Back in Possum Holler** where I came up, we didn't have fancy skate parks or empty swimming pools or ramps or stairs or rails or sidewalks or smoothly paved roads. But we had hills and we had gumption.
Having mastered the smaller slopes, I decided to tackle the "big hill". I made the long, slow trudge up, reached the crest, and turned to survey the great expanse before me. Donning my father's old motorcycle helmet (a fortuitous if dorky decision), I planted my feet and began the descent.
The pines rolled by. The breeze blew cool on my face. The sun shone bright on Appleberry Mountain. I gathered speed. The pines blurred. The asphalt raced beneath my feet. I accelerated. The wind stung my eyes. I was flying!
Then it started, a subtle wiggle in the board that rapidly amplified in wider and wider oscillations until, suddenly, the board was gone. Wipe out. I was flying.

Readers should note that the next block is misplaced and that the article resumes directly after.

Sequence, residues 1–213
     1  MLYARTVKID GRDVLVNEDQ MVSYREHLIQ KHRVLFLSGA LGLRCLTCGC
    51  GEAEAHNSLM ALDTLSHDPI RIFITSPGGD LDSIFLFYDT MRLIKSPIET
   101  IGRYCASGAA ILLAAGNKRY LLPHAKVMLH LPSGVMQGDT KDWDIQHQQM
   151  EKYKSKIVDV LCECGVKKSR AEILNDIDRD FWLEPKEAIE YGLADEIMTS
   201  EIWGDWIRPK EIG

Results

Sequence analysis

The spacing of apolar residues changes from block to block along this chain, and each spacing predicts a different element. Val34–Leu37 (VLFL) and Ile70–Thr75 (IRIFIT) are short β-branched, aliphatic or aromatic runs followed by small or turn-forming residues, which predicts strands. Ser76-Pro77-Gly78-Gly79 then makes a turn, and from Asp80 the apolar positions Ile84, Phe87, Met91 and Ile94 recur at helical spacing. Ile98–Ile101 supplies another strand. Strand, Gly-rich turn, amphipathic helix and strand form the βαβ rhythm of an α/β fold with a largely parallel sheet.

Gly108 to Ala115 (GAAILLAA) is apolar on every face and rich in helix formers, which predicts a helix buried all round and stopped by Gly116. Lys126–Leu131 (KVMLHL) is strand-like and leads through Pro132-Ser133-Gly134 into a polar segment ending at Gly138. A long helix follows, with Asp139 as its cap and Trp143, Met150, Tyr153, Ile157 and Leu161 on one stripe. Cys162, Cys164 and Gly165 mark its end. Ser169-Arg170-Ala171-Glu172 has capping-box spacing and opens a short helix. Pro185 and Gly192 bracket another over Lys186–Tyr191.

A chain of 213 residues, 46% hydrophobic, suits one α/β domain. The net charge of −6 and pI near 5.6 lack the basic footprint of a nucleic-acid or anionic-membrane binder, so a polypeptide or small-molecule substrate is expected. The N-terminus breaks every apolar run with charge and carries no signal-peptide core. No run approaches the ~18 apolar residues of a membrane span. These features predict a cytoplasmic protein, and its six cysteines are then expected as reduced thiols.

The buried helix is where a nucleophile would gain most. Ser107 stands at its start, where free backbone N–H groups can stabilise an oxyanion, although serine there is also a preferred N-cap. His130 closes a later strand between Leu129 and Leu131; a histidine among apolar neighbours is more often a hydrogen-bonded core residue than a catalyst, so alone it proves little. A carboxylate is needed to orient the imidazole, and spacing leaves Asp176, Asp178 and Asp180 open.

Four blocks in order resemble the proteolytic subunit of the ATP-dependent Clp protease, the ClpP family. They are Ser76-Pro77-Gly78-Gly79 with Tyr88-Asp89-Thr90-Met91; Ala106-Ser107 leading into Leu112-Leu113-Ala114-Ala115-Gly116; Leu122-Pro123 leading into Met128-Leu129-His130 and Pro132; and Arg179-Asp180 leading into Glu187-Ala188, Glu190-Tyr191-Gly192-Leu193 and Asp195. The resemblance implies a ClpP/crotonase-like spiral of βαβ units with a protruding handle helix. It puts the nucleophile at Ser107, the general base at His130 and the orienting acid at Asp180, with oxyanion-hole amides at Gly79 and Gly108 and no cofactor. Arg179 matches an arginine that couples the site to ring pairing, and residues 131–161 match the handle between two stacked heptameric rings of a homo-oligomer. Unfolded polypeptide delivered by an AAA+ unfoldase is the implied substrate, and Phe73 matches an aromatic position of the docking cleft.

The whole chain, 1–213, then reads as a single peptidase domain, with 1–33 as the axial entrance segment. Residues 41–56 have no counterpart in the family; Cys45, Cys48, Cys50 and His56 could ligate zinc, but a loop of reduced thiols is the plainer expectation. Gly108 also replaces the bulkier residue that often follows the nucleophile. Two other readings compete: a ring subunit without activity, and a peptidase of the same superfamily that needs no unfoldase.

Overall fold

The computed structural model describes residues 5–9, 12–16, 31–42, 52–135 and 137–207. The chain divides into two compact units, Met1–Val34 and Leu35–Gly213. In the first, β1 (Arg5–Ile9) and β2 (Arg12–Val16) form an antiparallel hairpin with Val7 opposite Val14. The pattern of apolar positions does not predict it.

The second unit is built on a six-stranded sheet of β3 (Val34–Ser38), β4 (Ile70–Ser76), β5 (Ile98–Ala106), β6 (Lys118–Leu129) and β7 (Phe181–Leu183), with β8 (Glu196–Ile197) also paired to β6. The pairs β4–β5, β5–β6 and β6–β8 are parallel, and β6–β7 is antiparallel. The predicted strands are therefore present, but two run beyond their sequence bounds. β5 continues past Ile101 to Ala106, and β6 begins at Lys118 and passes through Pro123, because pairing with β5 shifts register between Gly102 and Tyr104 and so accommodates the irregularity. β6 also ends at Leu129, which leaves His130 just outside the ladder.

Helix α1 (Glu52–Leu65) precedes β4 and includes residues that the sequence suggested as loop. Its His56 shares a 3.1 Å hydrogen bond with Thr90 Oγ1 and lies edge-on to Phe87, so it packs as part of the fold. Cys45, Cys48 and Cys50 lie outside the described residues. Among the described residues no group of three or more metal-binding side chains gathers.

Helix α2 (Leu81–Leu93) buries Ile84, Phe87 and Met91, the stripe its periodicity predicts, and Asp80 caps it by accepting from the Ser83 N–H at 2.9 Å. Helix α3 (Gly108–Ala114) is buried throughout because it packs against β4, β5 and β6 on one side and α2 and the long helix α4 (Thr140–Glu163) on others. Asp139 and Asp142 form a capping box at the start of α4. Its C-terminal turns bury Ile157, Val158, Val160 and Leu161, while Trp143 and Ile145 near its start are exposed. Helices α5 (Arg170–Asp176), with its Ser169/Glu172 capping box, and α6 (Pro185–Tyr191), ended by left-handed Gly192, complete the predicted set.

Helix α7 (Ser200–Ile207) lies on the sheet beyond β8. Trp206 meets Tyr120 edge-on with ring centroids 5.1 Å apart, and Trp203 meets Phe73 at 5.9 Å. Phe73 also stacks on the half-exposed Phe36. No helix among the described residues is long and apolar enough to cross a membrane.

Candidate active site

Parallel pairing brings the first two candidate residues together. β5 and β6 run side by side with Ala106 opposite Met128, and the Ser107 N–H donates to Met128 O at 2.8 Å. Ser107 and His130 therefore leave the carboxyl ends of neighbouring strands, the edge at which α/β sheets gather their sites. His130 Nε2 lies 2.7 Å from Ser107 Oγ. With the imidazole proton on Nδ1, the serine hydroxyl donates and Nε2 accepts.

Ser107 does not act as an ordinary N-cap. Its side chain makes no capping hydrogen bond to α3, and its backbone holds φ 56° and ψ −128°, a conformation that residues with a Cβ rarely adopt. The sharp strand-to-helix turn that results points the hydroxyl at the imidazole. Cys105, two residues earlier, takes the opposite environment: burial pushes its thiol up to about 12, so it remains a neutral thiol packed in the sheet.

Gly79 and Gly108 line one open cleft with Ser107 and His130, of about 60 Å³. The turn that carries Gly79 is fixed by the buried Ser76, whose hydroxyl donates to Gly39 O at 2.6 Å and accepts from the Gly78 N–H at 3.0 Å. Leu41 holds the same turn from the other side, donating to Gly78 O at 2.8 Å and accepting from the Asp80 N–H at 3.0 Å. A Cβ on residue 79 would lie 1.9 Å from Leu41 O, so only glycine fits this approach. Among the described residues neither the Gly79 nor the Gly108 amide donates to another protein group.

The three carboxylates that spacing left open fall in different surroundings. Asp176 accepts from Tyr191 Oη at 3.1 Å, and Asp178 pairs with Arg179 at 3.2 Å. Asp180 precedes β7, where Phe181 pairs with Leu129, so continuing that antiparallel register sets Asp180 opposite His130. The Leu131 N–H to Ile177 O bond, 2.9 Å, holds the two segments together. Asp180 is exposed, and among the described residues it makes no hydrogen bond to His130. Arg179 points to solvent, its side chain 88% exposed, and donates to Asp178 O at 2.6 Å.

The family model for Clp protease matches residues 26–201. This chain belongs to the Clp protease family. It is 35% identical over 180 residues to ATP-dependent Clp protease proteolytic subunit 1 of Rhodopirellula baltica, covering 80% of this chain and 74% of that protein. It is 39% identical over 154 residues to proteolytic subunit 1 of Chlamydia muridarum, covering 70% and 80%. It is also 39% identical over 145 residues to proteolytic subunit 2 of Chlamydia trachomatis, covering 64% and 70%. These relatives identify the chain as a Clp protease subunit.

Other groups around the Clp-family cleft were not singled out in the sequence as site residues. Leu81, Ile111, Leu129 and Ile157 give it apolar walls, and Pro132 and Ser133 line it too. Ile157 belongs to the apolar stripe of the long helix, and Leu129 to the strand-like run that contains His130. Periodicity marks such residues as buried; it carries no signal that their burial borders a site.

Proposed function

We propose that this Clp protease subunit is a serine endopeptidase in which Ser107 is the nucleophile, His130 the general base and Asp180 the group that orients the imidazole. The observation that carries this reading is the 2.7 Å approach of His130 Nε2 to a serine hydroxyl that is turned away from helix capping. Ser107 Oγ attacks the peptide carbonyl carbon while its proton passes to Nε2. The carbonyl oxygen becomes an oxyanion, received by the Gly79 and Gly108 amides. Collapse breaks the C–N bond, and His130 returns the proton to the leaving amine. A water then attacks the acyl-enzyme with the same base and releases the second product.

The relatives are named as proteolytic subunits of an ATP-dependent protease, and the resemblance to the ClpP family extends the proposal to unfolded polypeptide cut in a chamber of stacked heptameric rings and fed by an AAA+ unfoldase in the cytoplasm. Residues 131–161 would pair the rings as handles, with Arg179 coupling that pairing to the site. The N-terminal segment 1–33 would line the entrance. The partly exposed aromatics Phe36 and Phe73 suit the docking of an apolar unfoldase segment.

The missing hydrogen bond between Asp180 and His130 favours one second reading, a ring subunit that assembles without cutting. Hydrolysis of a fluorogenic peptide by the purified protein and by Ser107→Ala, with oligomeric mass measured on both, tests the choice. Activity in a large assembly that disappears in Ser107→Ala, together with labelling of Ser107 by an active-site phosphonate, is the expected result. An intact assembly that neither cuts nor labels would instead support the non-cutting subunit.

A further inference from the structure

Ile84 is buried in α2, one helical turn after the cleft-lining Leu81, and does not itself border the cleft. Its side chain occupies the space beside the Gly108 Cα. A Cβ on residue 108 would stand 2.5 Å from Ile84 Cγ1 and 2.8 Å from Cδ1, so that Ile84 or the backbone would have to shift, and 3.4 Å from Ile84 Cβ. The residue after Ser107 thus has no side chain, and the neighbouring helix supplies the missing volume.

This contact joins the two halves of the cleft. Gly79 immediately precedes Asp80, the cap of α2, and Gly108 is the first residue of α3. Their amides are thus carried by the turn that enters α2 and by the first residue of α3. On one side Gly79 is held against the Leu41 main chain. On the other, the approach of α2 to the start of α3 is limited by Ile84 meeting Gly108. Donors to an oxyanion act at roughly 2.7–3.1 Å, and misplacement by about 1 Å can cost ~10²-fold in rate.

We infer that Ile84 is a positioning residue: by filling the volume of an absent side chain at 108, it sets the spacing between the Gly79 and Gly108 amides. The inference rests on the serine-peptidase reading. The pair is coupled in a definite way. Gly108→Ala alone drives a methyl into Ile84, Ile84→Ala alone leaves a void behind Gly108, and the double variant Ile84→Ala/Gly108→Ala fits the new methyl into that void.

I landed with an unpleasant thud on my (mercifully cushioned) noggin and skidded to a stop on the coarse gravel. Standing up, I saw the patches of missing skin on my hip and elbow. (I still have a scar.) Gazing up at the mighty hill, my vanquisher, I vowed never to ride it again. I, Hillbilly Icarus, had flown too high and paid the price.
My bloodied limbs swung heavy on the slow walk home.
Is this narrative an example of:
a) man against man?Explain your answer.
b) man against nature?
c) man against the bone-headed idiocy of youth?
* I made those up. Shh...
** That's actually true.